Sunday, November 9, 2008

Big Pharma, The FDA, And You--Guess Who Loses?

If the FDA approves a drug and its warning label, should the drug manufacturer be shielded from ANY liability when the drug harms or kills people? Wyeth Pharmaceuticals, maker of the anti-nausea drug Phenergan, is asking The U.S. Supreme Court to do just that in a pending lawsuit. In this case, a Vermont musician had her arm amputated after given the drug for a migrane. Apparently,there are 3 ways to give this drug, and the method used to administer the drug in the musician's case can cause gangrene. And she is the 20th person to have an arm amputated due to this drug.

Wyeth's defense? Hey, we warned of this on the drug label, and the FDA approved the warning. The woman now missing her arm claims: maybe you should have warned physicians NOT to adminster the drug in this manner if a simple anti-nausea drug is going to cause people to lose their arms due to gangrene, and you KNOW ABOUT IT.

The drug manufacturers' efforts to obtain 100% immunity for drugs it introduces to the public has its roots in the Bush administration's efforts to protect the pharmaceutical industry from any lawsuits as long as the FDA approves the drug. But here's the rub, as poimted out by a recent editorial in The Boston Globe:

In the past, the FDA never claimed, as it does now, that its approvals of drugs or their labels should protect drugmakers from liability. This change in policy, which was opposed both by former FDA commissioners and current career FDA staff, is part of the Bush administration effort to free industry generally from tort suits. Former commissioner David Kessler's argument against pre-emption is that the FDA sees relatively little test data on a new drug once it is on the market.

Protecting drug companies is only part of an orchestrated effort by the Bush adminstration to protect big business from liability in a variety of situations. Sound familiar? It should. We heard it with Wall Street, didn't we? "Government stay out of the markets--they can regulate themselves." And for eight years now, this same administration has been saying: "And no lawsuits either--it's not good for business." Isn't this the same administration that has been bemoaning a lack of societal "personal responsibility and accountability?"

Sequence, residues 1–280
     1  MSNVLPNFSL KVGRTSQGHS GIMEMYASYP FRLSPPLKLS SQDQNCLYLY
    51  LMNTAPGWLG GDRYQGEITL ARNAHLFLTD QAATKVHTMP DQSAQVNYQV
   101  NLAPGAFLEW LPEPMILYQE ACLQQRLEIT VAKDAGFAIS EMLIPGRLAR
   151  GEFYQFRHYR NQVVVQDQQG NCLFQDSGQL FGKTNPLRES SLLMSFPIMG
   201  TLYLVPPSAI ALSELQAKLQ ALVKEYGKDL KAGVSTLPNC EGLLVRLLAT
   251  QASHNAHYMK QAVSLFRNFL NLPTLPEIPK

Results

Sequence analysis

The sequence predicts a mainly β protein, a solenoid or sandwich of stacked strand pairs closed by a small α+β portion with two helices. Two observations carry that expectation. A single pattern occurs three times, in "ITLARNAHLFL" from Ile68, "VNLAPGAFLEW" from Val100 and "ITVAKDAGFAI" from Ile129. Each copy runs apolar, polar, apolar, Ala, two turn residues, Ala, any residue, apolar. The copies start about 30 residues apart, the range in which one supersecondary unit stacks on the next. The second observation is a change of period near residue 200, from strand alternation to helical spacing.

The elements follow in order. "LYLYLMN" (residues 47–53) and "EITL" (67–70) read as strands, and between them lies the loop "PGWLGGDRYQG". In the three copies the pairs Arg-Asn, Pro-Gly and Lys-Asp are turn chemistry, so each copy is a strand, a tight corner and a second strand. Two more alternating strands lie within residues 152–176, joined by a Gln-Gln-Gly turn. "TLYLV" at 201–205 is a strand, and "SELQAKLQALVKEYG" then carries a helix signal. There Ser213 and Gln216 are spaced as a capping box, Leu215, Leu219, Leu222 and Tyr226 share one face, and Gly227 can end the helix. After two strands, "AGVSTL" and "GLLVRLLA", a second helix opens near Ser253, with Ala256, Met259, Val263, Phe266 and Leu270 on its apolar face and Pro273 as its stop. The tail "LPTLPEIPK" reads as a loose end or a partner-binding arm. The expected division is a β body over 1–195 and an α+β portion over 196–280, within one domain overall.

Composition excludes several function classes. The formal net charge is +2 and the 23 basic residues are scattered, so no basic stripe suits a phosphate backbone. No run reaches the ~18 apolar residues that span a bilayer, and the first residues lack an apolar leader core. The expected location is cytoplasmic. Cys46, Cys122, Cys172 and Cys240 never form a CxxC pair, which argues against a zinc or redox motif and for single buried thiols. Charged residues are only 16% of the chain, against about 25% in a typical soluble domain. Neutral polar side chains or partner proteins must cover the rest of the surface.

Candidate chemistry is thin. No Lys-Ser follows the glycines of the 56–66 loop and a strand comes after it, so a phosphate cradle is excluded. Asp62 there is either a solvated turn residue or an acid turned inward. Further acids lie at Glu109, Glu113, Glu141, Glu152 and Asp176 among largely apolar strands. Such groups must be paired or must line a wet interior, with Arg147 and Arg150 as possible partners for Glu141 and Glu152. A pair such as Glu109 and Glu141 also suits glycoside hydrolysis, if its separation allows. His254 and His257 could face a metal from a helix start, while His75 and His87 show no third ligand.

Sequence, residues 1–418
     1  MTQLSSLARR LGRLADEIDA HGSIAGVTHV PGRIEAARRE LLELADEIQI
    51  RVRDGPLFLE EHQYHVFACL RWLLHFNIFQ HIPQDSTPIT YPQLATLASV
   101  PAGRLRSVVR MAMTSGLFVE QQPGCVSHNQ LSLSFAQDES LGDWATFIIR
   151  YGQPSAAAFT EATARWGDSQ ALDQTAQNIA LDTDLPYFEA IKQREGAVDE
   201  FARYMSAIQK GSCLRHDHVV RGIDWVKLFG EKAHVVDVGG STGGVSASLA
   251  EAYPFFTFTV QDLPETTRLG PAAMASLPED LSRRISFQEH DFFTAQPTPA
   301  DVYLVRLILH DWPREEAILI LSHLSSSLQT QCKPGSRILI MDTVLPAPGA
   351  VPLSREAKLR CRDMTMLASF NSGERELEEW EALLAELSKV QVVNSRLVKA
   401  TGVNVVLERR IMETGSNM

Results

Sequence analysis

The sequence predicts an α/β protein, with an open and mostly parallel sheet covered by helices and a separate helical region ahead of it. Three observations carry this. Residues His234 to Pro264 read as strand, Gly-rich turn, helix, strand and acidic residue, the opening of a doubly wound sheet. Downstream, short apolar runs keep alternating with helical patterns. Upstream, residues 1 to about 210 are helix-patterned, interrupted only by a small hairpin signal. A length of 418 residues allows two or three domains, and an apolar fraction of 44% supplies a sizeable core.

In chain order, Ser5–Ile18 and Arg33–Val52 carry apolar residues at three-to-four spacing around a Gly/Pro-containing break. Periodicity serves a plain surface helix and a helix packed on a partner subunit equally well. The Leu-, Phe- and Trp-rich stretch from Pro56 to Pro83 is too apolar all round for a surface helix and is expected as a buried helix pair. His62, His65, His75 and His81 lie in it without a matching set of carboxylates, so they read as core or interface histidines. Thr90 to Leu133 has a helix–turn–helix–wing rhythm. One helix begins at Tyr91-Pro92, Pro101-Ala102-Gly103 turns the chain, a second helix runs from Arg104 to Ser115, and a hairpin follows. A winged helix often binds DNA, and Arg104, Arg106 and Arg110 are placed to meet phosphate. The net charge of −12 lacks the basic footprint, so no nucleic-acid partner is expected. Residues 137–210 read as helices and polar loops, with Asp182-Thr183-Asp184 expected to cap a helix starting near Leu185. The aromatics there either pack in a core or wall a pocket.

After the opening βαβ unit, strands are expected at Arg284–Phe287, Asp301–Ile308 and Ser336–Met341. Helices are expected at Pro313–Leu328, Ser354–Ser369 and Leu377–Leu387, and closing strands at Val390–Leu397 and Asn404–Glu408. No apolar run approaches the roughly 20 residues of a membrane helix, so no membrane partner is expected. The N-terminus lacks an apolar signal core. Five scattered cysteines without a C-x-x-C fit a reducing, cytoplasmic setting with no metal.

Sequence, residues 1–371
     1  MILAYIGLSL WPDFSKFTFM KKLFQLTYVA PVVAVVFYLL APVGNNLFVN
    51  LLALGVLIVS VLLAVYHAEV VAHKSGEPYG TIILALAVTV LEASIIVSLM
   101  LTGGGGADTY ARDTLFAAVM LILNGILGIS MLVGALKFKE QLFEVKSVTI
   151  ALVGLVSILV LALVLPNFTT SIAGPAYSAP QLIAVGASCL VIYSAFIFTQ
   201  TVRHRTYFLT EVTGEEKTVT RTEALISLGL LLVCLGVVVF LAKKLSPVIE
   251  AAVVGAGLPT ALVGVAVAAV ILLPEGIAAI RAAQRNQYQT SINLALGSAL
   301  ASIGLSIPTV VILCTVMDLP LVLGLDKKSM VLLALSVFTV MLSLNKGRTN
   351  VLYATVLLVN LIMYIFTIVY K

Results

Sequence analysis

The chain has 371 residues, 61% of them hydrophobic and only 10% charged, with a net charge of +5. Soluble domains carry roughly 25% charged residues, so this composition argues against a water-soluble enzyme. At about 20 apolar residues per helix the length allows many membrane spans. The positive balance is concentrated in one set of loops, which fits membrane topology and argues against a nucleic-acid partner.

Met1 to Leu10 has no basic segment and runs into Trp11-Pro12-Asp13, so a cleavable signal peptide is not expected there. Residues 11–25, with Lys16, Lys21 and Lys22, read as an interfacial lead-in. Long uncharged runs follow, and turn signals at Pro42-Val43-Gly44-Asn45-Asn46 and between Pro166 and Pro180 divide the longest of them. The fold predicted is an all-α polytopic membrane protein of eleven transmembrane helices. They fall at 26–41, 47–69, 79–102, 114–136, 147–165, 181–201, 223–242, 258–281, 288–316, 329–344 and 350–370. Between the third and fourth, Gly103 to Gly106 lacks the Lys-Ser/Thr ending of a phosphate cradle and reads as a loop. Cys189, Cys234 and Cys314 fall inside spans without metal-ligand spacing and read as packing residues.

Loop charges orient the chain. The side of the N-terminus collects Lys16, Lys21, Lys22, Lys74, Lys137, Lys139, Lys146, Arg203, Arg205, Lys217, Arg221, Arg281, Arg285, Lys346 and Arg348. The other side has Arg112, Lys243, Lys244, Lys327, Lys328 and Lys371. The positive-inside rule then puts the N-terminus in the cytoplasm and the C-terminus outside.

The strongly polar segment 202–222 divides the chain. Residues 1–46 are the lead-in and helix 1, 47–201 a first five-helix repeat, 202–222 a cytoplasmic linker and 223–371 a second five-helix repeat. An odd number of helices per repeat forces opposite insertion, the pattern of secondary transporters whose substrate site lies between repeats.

Here is the essence of the last eight years: a whole truckload of risks (your financial risks in the market, what you eat, what you drive and the drugs you take) has been transferred from corporations to you.

Now sit back and think about all the drugs put out on the market over the years that caused massive harm or killed people, and were either recalled or withdrawn from the market. Does it make you feel safe to know that all these drugs were approved by the FDA? Well what if the FDA gets it wrong? And what if the drug manufacturers either failed to adequately test a drug or withheld data from the FDA?

My guess is that this Supreme Court, one of the most conservative and business friendly in years, will rule in favor of Wyeth. If that happens, hopefully the new Congress will react by passing a law prohibiting the drug industry from avoiding its legal accountability if drugs "approved" by The FDA turn out to be dangerous.

This is not some anti-corporation rant. Corporations employ millions of people in this country and are a vital cog in the economic wheel. They deserve to make billions if they perform their due diligence and take reasonable measures to put useful and safe products on the market. That's the American way. But they shouldn't get a free legal pass when they cut corners by hiding behind a government agency that gets it wrong, or didn't have the capacity to get it right.

Otherwise, "personal responsibility and accountability" is just a one way street...


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